Six of the best: digital predictions for 2012 (part 2)

Alex Butler

The Social Moon

Continued from “Six of the best: digital predictions for 2012 (part 1)”

Last week saw the first three of my digital predictions for 2012. This article details the final three.

4. Social media begins to separate the winners from the losers

Although this does not seem like much of a prediction, social media will continue its incredible growth over 2012. As has been said by many including myself before, this is not because it is a new medium but because it is an old one.

The social platforms that are intrinsically woven into the everyday fabric of hundreds of millions of people’s lives are just technical facilitation of the human condition: a desire to be social, to connect with other people and to feel appreciated.

What may start to develop over the coming year is a greater sophistication in understanding the social internet. You can map the behaviour of people engaging on the web and begin to harness not only the sharing and personal interaction this affords companies but also develop collaborative production and collective action.

This can bring groups of people together to improve your company, your products, the information and support available for patients and to develop trust through action and participation, not through messaging.

“The latest change to the Google algorithm called ‘Panda’ shifts the focus on to the quality of content rather than quantity…”

Unless pharma is able to harness the crowd to help them communicate the complex and nuanced arguments and positions that make up the health discussion, they will not be able to solve the hard problems that face them on a broader level over the next few years.

As social is a learning curve, it could be that 2012 begins to see a marked divergence in the success of companies who have made strides in the social space already, away from those who have not. With the right support, however, it is possible to make small adjustments to thinking that can make a big difference to the organisation.

5. Search moves ‘out of the search box’

Search engines are changing and social media is a large part of this evolution. The web itself is changing dramatically, with the top ten most-visited places on the internet owned by search and social applications such as Google, Bing, Facebook and twitter.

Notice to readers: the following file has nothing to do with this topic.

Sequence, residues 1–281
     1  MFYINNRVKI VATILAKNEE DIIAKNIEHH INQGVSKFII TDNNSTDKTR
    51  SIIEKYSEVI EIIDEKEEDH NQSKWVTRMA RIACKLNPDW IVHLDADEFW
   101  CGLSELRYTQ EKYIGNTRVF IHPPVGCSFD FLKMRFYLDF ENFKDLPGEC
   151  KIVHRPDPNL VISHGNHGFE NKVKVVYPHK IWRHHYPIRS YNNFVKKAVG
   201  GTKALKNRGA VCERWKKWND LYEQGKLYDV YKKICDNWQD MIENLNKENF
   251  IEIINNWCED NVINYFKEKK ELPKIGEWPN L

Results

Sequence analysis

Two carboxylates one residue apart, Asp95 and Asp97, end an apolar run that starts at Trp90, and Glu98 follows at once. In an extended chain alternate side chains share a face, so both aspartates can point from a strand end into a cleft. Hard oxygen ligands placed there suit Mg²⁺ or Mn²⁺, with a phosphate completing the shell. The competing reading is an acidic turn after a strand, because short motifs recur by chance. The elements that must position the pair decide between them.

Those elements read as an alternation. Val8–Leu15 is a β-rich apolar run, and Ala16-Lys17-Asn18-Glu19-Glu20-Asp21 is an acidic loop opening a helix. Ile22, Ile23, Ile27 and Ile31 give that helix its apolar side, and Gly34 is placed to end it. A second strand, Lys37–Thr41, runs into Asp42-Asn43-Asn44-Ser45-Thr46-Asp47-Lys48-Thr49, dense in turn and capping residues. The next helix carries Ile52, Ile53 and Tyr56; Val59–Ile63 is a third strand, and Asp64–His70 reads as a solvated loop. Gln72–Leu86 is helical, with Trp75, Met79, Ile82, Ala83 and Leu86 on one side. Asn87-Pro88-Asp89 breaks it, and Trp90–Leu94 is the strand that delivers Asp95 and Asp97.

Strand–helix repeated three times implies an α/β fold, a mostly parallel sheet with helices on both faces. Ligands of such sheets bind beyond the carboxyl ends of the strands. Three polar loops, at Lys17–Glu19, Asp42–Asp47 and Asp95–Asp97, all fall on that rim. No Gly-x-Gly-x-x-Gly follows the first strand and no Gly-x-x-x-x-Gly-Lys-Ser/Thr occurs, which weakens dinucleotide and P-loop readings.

It is now possible for highly connected people to spend the whole day on the internet without visiting a website once. Search within social applications such as twitter is growing fast and many people predominantly source information through their network, even if this is not a fully conscious behavioural change.

Both Bing and Google have admitted in interviews that their search results are positively affected by social signals, such as tweets, Facebook likes, and Google +1s. Google has already started integrating its new social network Google+ into powerful and popular media platforms such as YouTube.

Assets and content that are not socially enabled will struggle to rank highly enough within search results to be easily found.

“Search engines are changing and social media is a large part of this evolution…”

There are other challenges to the search landscape in 2012 that could mean it heralds the biggest change to search in a decade. The latest change to the Google algorithm called ‘Panda’ shifts the focus on to the quality of content rather than quantity. Creating engaging experiences for audiences will have a direct impact on search engine results.

We have the mobile algorithm and different searching patterns and behaviours of the mobile user. On top of this there will be a rise in popularity of artificial intelligence voice-mediated applications such as Apple’s Siri, recently released with the iPhone 4s. This in itself will affect search as users start to bypass the search engine web-form completely, and instead put their faith in their app to find the right site for them. Bing has also made strides in this regard with Xbox voice search.